The Epic of Gilgamesh (Martinů)

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Nice and Mont Boron

Gilgameš (English: The Epic of Gilgamesh) is an oratorio by Bohuslav Martinů composed 1954–1955 near Nice in France[1] and premiered in 1958[2] in Basel, Switzerland, with a title and text in German, as Das Gilgamesch-Epos.[3]

Title page of The epic of Gilgamish by R. Campbell Thompson, 1928

However, Martinů wrote his text in English, based on the translation of in hexameters by Reginald Campbell Thompson, The Epic of Gilgamish (1928),[3] in his own style, choosing freely what would fit his music best.[4] Martinů would have preferred to compose it to a text in Czech and, according to his biographer Miloš Šafránek, he regretted hearing too late about the recent Czech translation of the Epic by poet Lubor Matouš.[5] Later, Ferdinand Pujman translated Martinů's text on the basis of Matouš' work for what became Epos o Gilgamešovi.[6]

The text comprises a sectional portrait of the original Epic of Gilgamesh in three parts.[7]

The premiere of the oratorio took place on 24 January 1958 with the Basel Chamber Orchestra and the Basel Chamber Choir conducted by Paul Sacher.[8] The United Kingdom premiere in 1959 was conducted by Sir Malcolm Sargent, who had been very impressed with it on hearing during a visit to Prague. Alvar Liddell was the narrator. This was recorded. Vernon Handley conducted the work in Guildford in 1970. [9] Jiří Bělohlávek conducted a performance in the Albert Hall with the BBC Symphony Orchestra and Jack Shepherd as narrator in 1995, issued on CD by the BBC.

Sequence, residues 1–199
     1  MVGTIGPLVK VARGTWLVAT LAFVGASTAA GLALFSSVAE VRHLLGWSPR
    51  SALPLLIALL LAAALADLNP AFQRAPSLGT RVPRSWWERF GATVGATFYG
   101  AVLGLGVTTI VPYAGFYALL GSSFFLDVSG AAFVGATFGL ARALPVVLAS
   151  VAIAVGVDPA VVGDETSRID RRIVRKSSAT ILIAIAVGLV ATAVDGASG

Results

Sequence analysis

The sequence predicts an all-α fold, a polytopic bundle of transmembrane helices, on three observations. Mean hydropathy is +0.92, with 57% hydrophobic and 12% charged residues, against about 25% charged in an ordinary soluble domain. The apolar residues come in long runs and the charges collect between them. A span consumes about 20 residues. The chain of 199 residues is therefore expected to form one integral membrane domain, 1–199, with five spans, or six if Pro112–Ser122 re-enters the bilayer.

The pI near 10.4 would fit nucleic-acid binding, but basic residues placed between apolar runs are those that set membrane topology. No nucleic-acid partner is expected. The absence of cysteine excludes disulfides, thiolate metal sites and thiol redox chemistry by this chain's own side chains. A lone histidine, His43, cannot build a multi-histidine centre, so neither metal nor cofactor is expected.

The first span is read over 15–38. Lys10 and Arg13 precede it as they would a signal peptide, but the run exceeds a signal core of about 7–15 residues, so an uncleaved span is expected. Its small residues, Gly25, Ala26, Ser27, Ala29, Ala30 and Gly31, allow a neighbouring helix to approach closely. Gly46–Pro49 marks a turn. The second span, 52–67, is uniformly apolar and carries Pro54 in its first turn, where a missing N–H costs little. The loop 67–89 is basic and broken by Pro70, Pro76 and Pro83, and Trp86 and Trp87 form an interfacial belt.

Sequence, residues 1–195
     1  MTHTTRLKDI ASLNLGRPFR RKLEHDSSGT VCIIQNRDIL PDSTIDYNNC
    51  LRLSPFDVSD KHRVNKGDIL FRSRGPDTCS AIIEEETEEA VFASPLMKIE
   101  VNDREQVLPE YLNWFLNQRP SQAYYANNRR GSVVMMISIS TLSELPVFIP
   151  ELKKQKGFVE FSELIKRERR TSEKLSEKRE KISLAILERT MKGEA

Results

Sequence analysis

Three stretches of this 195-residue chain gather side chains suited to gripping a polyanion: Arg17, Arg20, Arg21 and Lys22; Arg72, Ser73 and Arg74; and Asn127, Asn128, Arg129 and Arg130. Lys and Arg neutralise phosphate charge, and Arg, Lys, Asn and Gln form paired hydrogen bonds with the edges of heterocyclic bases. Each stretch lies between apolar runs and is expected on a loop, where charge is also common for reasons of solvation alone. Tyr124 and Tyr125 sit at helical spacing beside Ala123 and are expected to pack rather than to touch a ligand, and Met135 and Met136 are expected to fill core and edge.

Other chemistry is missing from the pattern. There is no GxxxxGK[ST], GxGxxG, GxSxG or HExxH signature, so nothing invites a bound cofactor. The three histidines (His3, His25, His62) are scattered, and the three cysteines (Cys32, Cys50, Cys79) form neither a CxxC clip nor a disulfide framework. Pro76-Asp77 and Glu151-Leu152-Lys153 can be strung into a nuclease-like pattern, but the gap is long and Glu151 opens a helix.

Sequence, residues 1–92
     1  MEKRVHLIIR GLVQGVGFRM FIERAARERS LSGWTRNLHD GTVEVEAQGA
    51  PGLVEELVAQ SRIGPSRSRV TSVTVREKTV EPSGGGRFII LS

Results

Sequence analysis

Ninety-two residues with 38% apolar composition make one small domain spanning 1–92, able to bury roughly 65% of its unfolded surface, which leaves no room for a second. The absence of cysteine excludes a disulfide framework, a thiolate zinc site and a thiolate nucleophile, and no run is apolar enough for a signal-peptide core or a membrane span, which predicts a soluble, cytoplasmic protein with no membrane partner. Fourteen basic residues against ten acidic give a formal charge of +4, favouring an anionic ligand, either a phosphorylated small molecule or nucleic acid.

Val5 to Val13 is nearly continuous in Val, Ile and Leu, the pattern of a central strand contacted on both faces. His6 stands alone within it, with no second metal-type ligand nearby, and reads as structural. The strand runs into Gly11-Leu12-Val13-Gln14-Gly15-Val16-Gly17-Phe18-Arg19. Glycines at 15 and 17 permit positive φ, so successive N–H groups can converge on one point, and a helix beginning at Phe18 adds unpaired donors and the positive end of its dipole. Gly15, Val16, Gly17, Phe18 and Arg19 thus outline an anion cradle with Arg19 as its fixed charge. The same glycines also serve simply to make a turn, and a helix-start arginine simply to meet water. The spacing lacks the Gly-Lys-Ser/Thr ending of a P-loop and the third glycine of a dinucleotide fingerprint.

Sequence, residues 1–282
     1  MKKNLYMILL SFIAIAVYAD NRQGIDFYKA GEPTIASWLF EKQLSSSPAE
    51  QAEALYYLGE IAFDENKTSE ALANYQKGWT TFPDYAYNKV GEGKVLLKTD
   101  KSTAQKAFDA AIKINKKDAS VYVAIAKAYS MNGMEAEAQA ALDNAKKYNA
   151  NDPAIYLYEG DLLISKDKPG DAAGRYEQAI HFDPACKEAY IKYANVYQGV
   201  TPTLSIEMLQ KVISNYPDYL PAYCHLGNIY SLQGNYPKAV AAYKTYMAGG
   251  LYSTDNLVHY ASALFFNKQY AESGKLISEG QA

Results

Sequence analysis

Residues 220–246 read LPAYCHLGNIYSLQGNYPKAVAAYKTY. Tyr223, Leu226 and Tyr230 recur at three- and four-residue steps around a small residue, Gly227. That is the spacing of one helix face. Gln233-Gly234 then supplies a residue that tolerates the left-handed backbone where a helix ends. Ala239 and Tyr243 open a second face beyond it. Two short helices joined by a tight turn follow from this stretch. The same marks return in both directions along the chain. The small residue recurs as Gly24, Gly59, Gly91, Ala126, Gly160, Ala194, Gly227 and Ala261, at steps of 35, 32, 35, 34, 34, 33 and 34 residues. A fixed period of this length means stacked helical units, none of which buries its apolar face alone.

1. ^ Charlotte Martinů: Mein Leben mit Bohuslav Martinů, translated from Czech into German by Štěpán Engel, Presseagentur Orbis, Prague 1978, pp. 129-131.
  2. ^ Theodore Ziolkowski - Gilgamesh Among Us: Modern Encounters With the Ancient Epic 2011 Page 75 "In 1954–55, only a few years before his death, the enormously prolific Bohuslav Martinů (1890–1959), along with Leoš Janáček one of the two leading Czech composers of the twentieth century, wrote his oratorio The Epic of Gilgamesh."
  3. ^ a b Ines Matschewski: "Fragen der Freundschaft, der Liebe und des Todes: Das Gilgamesch-Epos von Bohuslav Martinů", in: Texte zur Chormusik: Festschrift zum zehnjährigen Jubiläum des Internationalen Chor Forums ICF, edited by Gerhard Jenemann. Carus-Verlag, Stuttgart 2001, ISBN 39-230-5394-0, p. 41–47
  4. ^ Bo Marschner: „Das "Gilgamesh-Epos" von Bohuslav Martinů und die Oper "Gilgamesh" von Per Norgård“, in: Colloquium Bohuslav Martinů, His Pupils, Friends and Contemporaries: Brno, 1990, edited by Petr Maček and Jiří Vyslouvžil. Ústav hudební vědy filozofické fakulty, Masarykova Univerzita, Brno 1993, S. 138–151.
  5. ^ Miloš Šafránek: Bohuslav Martinů: his life and works, Wingate, London 1962, S. 304–308.
  6. ^ Catalogue data in the library of Institut Bohuslava Martinů. o. p. s., Prag
  7. ^ F. James Rybka Bohuslav Martinů: The Compulsion to Compose 2011 Page 258 "Synopsis of Martinů's “Gilgamesh” - In his approach toward molding this classical epic into an oratorio, Martinů immediately realized that he could not incorporate many passages of the metaphorical, extant story that is dispersed over the dispersed over the twelve tablets. Even the most coherent versions are disconnected. He anticipated including the Great Flood (tablet IX), but eventually had to eliminate it. Instead, he composes a sectional portrait of Gilgamesh in three parts."
  8. ^ F. James Rybka Bohuslav Martinů: The Compulsion to Compose Page 259 2011 -"Although he completed the work in 1954, the premiere of The Epic of Gilgamesh took place on January 24, 1958, by the Basel Chamber Orchestra and Choir conducted by Sacher. This event had a profound personal connection to all the"
  9. ^ The Musical Times - Volume 111 Page 723 JSTOR (Organization) - 1970 "Martinu's Epic of Gilgamesh was given its British premiere in Guildford on May 2; the occasion was also Vernon Handley's 100th .."